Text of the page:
Scoring career highs with nine goals and 30 assists as well as solidifying the team’s top defensive pairing with his fellow countryman Hedman, Stralman became a rock for the team. Watching him play every day is truly the best way to come to value Stralman’s game.
Perhaps, that’s why Stralman began to be noticed by those who dissect NHL games in the name of advanced metrics. After his final year in New York, Stralman was said to be better than the typical NHL stats of goals, assists and plus/minus.
To the followers of Corsi and Fenwick and PDO everywhere, Stralman was a possession god. His analytics were head and shoulders above the majority of NHL defensemen. It was the main reason that he was so sought after during his free agency last year.
It is most likely the reason that Steve Yzerman, general manager of the Lightning, didn’t waste any time in signing Stralman, and he hasn’t disappointed his advanced stats fans. Of all the defensemen in the NHL last season who played at least 50 games and averaged at least 15 minutes of ice time, Stralman is fifth in CorsiFor percentage with 56.24.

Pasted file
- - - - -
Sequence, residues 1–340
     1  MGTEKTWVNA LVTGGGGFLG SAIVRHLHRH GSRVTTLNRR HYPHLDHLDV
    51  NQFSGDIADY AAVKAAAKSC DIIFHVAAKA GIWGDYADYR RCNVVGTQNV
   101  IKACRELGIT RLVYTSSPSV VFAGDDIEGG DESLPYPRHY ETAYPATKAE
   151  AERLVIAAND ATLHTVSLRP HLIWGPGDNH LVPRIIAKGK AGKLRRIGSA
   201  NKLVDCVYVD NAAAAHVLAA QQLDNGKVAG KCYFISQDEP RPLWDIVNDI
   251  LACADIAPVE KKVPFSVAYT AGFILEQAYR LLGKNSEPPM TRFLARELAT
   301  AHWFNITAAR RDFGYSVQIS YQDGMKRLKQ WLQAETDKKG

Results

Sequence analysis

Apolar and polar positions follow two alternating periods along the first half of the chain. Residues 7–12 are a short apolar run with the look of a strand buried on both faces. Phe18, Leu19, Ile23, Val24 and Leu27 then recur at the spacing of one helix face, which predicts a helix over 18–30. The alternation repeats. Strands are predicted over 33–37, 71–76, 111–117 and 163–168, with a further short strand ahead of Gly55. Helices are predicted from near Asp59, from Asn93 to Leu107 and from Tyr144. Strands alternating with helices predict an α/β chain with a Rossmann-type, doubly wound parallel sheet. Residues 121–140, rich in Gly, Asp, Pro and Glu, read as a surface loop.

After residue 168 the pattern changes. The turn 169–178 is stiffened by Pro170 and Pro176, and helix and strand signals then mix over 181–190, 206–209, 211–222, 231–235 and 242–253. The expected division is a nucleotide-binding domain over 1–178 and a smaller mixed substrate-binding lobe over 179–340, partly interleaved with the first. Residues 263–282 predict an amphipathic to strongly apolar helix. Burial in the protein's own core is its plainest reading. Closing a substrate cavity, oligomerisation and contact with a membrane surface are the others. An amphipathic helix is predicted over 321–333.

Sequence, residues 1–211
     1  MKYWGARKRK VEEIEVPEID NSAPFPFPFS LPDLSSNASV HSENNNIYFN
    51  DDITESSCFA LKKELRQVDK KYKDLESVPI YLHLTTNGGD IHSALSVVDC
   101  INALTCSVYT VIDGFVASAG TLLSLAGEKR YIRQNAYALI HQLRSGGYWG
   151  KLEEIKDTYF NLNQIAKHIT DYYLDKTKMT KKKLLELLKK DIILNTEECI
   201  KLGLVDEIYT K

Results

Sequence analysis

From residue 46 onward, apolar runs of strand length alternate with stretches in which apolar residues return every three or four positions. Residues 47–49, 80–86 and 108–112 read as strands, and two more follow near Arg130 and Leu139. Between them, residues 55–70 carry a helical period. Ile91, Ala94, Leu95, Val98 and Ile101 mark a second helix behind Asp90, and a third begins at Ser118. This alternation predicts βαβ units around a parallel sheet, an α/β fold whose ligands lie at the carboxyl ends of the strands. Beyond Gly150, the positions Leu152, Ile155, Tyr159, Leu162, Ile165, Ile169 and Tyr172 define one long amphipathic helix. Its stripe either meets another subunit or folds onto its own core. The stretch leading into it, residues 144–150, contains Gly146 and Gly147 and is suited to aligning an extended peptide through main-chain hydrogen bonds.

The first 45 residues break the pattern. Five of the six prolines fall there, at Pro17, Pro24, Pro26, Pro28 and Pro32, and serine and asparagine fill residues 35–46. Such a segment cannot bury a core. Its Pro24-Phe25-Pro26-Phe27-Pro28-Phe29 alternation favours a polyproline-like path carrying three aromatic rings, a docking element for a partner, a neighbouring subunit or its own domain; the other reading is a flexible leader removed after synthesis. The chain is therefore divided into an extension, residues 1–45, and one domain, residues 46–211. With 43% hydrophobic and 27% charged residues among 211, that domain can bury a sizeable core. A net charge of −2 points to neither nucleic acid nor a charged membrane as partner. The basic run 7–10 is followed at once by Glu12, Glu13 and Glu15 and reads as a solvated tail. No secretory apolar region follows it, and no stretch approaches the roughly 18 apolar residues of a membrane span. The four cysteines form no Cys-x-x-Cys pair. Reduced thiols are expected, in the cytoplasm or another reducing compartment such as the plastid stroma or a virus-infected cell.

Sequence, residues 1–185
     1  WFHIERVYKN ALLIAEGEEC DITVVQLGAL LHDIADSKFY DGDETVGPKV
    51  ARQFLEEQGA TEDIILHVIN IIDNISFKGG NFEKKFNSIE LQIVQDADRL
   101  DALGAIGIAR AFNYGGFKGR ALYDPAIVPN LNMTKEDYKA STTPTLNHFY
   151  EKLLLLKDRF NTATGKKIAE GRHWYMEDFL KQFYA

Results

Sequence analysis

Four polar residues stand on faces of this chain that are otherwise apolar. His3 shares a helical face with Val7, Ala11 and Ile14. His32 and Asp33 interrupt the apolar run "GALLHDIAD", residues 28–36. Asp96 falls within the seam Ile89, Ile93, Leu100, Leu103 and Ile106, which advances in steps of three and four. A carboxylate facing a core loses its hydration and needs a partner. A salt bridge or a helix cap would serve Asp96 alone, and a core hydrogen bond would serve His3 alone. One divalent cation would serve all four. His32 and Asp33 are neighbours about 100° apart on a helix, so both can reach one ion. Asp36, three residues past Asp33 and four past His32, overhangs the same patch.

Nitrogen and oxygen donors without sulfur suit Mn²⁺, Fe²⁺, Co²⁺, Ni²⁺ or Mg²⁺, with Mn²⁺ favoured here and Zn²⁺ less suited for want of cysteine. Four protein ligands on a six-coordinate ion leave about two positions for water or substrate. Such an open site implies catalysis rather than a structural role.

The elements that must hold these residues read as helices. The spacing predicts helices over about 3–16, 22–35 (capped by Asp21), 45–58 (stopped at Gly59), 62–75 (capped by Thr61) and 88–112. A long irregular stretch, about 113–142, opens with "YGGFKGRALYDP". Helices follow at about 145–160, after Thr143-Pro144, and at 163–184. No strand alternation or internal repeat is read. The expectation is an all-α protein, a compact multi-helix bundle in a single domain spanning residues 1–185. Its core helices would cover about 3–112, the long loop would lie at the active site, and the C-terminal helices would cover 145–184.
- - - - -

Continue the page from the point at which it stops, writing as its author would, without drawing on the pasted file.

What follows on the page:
An argument can be made that the top defensive pairing for the Lightning of Hedman and Stralman is the best in the NHL. Certainly, without argument they are considered in the top five D-man duos. Hedman has the blazing speed and tremendous size. Stralman has the eyes in the back of his head to avoid the hits and stay focused on getting the puck up the ice.
At 24 years old, Hedman should be a serious Norris Trophy contender for years to come. At 29, Stralman has a lot of great hockey left to play. Any reason these two can’t be together for say, the next five, six years?
The Lightning are an offensive-minded juggernaut, leading the league in scoring last year and with virtually the same team intact this year. But let’s not forget their Swedish defensive tandem. They get the offense going. Whether it’s by blocking a shot, delivering a hit or getting the puck into the neutral zone, Hedman and Stralman are the cream of the league. Not only can they shut down the opposing team’s scorers, but both Hedman and Stralman play on Tampa’s power play, showing the confidence that Cooper has with their offense abilities.
The upcoming season should show just how good this pair is among their NHL peers. The Lightning should be one of the favorites in the Eastern Conference and from a defensive standpoint, Heddy and Straly are leading the way. Take note, NHL fans, when Tampa comes to town, it is worth the price of admission to watch the best, most underrated defensive pair in the league.